A long, slow contemplation, then a decisive turn, behind Obama's move to endorse gay marriage
WASHINGTON (AP) — President Barack Obama's evolution on gay marriage unfolded at a Darwinian pace, like that of the giant tortoise. For more than a year — eons in politics — he danced up to the edge of endorsing it, always stopping short, still "evolving."
Until very recently, much of the betting was on Obama taking a pass on the touchy issue until after the election. Why pick that fight now?
On Wednesday, he picked it. Obama gave a heads-up to a spiritual adviser, among others, and staked his position in a TV interview as the first president to declare himself in favor of same-sex marriage rights.
Obama doesn't have the power to make same-sex marriage legal. But by taking a stand, he closed the loop with gay-rights activists who are important financiers and supporters of his re-election campaign while putting himself on a potentially perilous path with voters in states such as North Carolina. That state backed him in 2008 but voted solidly Tuesday to ban gay marriage in the state constitution. And it hosts the Democratic National Convention in September.
As told by aides, Obama concluded earlier this year that gay couples should have the legal right to marry and planned to say so before the convention. Speaking on condition of anonymity to discuss internal White House conversations, they said the White House felt compelled to accelerate its plans after Vice President Joe Biden declared his support for gay marriage on a Sunday morning talk show and said he was "absolutely comfortable" with same-sex couples being legally wed.
Syrian state TV says more than 40 killed in 2 blasts in the capital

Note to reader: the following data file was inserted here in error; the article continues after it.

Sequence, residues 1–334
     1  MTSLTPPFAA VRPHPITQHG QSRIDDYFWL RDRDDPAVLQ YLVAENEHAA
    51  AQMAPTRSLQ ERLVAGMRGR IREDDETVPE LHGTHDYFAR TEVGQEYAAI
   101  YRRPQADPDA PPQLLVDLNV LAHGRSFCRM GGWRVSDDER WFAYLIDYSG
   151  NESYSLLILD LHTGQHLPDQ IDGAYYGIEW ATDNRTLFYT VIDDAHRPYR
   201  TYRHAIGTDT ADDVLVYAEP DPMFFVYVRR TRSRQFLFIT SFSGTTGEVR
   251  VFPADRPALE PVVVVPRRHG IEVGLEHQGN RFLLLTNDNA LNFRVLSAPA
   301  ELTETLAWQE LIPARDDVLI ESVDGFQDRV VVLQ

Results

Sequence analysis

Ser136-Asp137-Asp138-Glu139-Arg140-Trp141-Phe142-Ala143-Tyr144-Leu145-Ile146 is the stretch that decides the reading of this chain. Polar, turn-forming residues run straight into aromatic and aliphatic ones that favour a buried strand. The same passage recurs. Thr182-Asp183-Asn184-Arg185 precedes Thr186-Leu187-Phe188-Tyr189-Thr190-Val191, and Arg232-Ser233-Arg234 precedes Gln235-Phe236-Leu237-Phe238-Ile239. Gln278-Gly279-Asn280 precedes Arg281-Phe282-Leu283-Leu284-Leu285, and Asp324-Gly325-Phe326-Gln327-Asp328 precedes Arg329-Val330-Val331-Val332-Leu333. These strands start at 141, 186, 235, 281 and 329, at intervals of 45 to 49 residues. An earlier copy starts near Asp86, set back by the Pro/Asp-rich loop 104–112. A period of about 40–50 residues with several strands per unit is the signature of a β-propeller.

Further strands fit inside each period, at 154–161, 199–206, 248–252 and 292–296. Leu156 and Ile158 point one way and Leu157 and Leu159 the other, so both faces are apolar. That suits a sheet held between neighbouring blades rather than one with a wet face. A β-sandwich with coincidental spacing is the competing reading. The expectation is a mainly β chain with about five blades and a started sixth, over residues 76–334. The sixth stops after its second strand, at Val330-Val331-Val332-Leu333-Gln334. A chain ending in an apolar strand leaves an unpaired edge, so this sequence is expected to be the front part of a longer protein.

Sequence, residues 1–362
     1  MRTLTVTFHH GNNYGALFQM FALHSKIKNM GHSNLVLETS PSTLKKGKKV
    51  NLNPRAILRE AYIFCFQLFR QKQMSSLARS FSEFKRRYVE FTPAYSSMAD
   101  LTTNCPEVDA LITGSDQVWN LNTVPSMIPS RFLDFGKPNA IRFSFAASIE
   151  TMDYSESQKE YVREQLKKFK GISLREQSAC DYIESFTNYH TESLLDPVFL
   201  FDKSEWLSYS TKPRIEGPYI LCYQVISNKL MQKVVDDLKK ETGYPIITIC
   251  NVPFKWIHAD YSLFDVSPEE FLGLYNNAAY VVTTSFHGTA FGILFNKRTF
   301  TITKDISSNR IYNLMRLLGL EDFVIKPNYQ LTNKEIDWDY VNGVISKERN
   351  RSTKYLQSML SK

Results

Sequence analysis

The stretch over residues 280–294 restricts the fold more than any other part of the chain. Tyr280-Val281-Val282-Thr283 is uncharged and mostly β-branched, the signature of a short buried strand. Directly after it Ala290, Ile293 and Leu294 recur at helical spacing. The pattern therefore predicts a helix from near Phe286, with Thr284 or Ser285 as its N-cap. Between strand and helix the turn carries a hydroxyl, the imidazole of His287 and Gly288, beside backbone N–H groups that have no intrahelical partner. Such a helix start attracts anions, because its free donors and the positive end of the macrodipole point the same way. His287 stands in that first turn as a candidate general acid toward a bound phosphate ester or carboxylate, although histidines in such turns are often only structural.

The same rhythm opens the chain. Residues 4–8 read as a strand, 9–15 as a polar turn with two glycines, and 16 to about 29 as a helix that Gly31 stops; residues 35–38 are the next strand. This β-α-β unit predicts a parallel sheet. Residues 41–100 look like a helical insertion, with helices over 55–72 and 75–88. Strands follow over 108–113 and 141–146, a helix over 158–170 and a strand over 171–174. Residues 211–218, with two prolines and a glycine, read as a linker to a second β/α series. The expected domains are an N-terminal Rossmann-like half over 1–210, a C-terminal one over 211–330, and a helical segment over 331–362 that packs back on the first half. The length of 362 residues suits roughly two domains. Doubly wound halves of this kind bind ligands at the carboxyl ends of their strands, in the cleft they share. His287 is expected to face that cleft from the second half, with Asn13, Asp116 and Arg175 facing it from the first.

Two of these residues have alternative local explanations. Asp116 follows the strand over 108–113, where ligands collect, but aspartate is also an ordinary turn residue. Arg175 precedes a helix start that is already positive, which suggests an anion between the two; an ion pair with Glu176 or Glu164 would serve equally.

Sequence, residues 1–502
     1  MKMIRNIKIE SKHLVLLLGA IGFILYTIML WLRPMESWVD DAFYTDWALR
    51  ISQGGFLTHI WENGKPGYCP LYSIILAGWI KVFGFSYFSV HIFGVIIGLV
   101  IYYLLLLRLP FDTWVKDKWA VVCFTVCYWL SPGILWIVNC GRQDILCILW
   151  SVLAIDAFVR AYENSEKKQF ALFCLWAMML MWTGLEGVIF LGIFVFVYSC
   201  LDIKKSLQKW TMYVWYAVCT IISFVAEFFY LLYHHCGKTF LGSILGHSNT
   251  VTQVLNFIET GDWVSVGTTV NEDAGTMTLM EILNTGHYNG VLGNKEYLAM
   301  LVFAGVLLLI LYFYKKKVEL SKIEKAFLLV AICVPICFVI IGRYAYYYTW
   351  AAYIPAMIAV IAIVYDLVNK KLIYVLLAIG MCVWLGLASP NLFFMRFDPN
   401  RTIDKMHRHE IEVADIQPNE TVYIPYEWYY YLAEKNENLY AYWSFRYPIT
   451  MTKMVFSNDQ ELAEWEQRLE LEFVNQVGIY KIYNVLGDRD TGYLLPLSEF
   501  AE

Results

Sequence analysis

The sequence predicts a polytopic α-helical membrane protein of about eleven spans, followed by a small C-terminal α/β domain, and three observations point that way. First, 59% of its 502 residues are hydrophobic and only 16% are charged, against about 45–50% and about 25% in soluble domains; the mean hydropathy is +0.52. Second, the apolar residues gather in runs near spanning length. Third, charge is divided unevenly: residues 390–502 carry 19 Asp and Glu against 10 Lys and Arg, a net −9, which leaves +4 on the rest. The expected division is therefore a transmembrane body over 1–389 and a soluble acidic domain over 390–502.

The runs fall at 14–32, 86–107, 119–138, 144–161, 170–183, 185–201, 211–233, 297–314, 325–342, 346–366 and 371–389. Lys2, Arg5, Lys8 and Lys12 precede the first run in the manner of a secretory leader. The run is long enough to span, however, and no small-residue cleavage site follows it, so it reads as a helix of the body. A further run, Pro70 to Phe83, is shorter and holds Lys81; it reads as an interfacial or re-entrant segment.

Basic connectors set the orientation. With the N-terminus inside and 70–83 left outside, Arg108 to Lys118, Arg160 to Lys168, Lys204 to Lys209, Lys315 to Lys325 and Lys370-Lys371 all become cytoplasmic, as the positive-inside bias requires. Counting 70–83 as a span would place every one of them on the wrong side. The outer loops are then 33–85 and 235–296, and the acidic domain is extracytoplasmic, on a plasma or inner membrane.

DAMASCUS, Syria (AP) — Two strong explosions ripped through the Syrian capital Thursday, killing more than 40 people and leaving scenes of carnage in the streets in an assault against a center of government power, officials said.
Syria's state-run TV said 170 people were wounded in what one official said may have been the most powerful of a series of blasts that have hit the capital this year.
The explosions, which ripped the facade off a military intelligence building, happened at about 7:50 a.m. when employees are usually arriving at work. The building is part of a broader military compound for a feared section of the intelligence services known as the Palestine Branch.
An Associated Press reporter at the scene said paramedics wearing rubber gloves were collecting human remains from the streets after the explosions. Heavily damaged cars and pickup trucks stood smoldering in the area. The outer wall of the headquarters collapsed and some walls crumbled, although the basic structure inside appeared intact.
The Syrian government blamed "terrorists" and said dozens were killed or wounded, most of them civilians.
International adoptions drop globally as experts cite fraud crackdowns and policy shifts
HANOI, Vietnam (AP) — The number of international adoptions has plummeted to its lowest point in 15 years, a steep decline attributed largely to crackdowns against baby-selling, a sputtering world economy and efforts by countries to place more children with domestic families.
Globally, the number of orphans being adopted by foreign parents dropped from a high of 45,000 in 2004 to an estimated 25,000 last year, according to annual statistics compiled by Peter Selman, an expert on international adoptions at Britain's Newcastle University.
Some adoption advocates argue the decrease is also linked to a set of strict international guidelines known as the Hague Adoption Convention. Devised to ensure transparency and child protection following a rash of baby-selling and kidnapping scandals, critics say the guidelines have also been used by leading adopting nations, such as the U.S., as a pretext for freezing adoptions altogether from some countries that are out of compliance.
"It should have been a real step forward, but it's been used in a way that's made it a force for shutting down countries," Elizabeth Bartholet, a Harvard Law professor who promotes international adoptions. "That affects thousands of children every year."
She says places where international adoptions are stopped may ultimately see more children stuck in orphanages or on the street where they could fall prey to sex traffickers. "I question whether it's ever true where adoption is all about buying and selling and kidnapping," Bartholet says.